The preference deal announced on February 11 between the Liberals and One Nation, leaving the Nationals furious, is adding to what is expected to be a highly contested state election on March 1 in Western Australia.
The deal has the potential to give One Nation the balance of power in state parliament. It represents further inroads by the far-right party into electoral politics. It also demonstrates the vulnerability of the Liberal Party, which has been in power for the past eight years, and the growing schism between it and its traditional running mates — the National Party.
The WA Liberal government is staring at a significant defeat, amid deteriorating economic forecasts and community opposition to plans to privatise Western Power and the Fremantle Port and the ongoing debacle of the Perth Freight Link freeway project.
Clearly, the Liberal Party’s game makers are worried their declining supporter base will not, by itself, get them over the line.
The Liberals and Nationals have recently been at odds with one another. Their most controversial dispute was over National leader Brendan Grylls’ proposal to raise the mining sector royalty levy to $5 a tonne.
Really, this measure amounts to very little for the mining giants but it differentiates the Nationals from both friends and rivals just weeks from an election. The Liberals and corporate media were quick to chastise Grylls, exacerbating a feud which has only deteriorated further.
Ultimately the question that the Nationals need to answer is whether it wants to represent the smaller farmers in the bush or, like the Liberals, side with big mining and agribusiness interests. If it chooses the latter, it risks becoming politically insignificant and will lose out to One Nation. Choosing the former pits the Nationals firmly against its Coalition partner.
With divisions becoming more pronounced within the Coalition, One Nation is planning to contest 60 seats across WA, and recent opinions polls suggest they could garner 13% of the primary vote.
The far-right racist party has returned to the political scene nationally since the federal election last year where it won four Senate positions. Their return can only be understood in the context of decades of racist “divide and rule” politics of the two major parties and the inability of the Greens to identify with and address the key day-to-day issues facing working people.
One Nation claims to stand for the hard-done-by Aussie battler as an “anti-establishment” alternative to the Liberals. But since being elected to the Senate, it has consistently voted with the federal government to attack workers’ rights and inflict welfare cuts on the most vulnerable.
This new pact will no doubt provoke some heat within the Liberal Party, but the same is already occurring within One Nation. Already, at least one One Nation candidate has said publicly she won’t go along with the preference deal, calling it a sell out.
How effectively One Nation can uphold this contradiction of anti-Liberal rhetoric and complicity with the Liberal’s agenda will be seen in the coming weeks as the contest for votes becomes more intense.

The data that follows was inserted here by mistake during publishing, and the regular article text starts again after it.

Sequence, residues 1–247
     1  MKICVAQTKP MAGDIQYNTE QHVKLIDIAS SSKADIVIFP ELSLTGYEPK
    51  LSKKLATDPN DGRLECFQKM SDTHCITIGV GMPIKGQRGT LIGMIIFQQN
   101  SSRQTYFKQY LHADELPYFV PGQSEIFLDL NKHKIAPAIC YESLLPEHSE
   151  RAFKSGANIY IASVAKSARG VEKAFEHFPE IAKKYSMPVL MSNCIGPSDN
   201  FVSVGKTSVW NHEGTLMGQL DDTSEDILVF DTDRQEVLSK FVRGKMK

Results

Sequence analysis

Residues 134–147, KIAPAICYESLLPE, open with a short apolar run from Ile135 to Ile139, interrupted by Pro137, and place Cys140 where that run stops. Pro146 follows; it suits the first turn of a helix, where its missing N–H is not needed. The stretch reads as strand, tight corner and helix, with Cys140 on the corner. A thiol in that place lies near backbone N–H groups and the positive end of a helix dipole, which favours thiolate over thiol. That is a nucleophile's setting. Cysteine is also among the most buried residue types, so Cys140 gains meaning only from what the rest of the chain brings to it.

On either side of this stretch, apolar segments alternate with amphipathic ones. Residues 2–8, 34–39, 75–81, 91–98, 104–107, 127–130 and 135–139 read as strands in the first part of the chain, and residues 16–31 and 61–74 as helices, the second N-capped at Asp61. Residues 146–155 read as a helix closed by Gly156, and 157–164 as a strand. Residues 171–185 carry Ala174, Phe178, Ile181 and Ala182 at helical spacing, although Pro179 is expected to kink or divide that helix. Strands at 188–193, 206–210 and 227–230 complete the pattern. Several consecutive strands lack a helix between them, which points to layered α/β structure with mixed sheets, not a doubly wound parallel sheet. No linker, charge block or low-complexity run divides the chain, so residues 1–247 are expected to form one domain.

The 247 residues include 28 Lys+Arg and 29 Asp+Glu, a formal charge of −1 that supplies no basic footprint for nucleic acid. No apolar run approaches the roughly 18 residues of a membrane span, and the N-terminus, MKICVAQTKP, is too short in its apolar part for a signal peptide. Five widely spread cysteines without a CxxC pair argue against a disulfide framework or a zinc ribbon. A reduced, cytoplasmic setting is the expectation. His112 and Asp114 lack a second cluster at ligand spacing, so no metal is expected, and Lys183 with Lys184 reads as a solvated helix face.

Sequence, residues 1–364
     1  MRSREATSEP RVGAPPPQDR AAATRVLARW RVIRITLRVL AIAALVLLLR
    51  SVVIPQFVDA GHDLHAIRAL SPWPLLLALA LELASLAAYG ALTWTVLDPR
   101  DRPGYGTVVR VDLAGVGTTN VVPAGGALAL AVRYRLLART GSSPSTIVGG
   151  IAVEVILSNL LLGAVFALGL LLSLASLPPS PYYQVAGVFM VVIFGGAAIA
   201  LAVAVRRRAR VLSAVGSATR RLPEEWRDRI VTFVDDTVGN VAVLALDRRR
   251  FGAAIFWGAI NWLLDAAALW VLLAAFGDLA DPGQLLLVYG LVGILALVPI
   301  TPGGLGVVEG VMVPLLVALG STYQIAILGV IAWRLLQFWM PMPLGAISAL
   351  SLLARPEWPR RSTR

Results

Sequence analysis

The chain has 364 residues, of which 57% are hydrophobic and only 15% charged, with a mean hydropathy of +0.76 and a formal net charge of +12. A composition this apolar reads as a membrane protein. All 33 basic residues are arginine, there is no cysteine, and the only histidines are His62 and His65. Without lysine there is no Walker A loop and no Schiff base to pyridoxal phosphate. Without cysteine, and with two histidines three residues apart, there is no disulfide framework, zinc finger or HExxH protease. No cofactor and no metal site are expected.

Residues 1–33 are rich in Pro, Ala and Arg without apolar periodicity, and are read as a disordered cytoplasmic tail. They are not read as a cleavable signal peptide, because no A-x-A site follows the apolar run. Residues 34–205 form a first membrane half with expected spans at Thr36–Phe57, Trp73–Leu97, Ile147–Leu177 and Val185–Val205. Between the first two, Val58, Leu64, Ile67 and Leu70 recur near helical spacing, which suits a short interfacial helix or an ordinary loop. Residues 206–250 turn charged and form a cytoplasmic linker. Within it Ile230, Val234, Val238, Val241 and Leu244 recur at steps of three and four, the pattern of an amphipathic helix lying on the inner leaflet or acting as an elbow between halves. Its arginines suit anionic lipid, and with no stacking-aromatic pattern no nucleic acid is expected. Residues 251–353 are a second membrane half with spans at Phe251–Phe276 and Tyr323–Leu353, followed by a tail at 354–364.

Labor is already gaining political mileage from this preference deal, hoping to draw working class voters who had been straying towards One Nation back into its orbit. Yet Labor is committed to a pro-corporate agenda and is unwilling to seriously address the burning issues facing working people, such as wealth inequality and climate change.
For many people’s entire adult lives, the major parties have peddled racist and xenophobic policies in a race to the bottom over which could demonise refugees the most, while simultaneously cutting wages, conditions and community services.
It should be no surprise then that the actual policy differences between the ALP and One Nation are smaller than the left-sounding rhetoric of Labor might suggest. It is also why so many Labor voters appear to be turning to One Nation. It can garner double digits in opinion polls with relative ease because the path has been paved by the hate and fear politics of both major parties.
The solution to this increasingly dangerous situation is to build the genuine party of the left.
We must unashamedly make the sharpest and loudest condemnation of the entire corrupt system, not just the parties that do its bidding. We must take every opportunity to explain how racism and all other forms of prejudice are actively implanted and nurtured among working people by the billionaire club whose days of privilege will be numbered once the community unites and refuses to be divided any more.
In contrast to the Greens leadership, we cannot talk about politics without referring to capitalism and planning how we can overcome it. The deepening ecological and social crises clearly demonstrate the need for radical change, and building a party and associated movements for this is key.
There is a lot to do.
The Socialist Alliance is running candidates in the South Metro region of Perth in the upcoming state election and we encourage all progressive people to not only vote for us, but get involved with our campaign to help build the power of the community and the message that a better world is possible.
[Chris Jenkins is the Socialist Alliance candidate for the seat of Fremantle in the March WA state election.]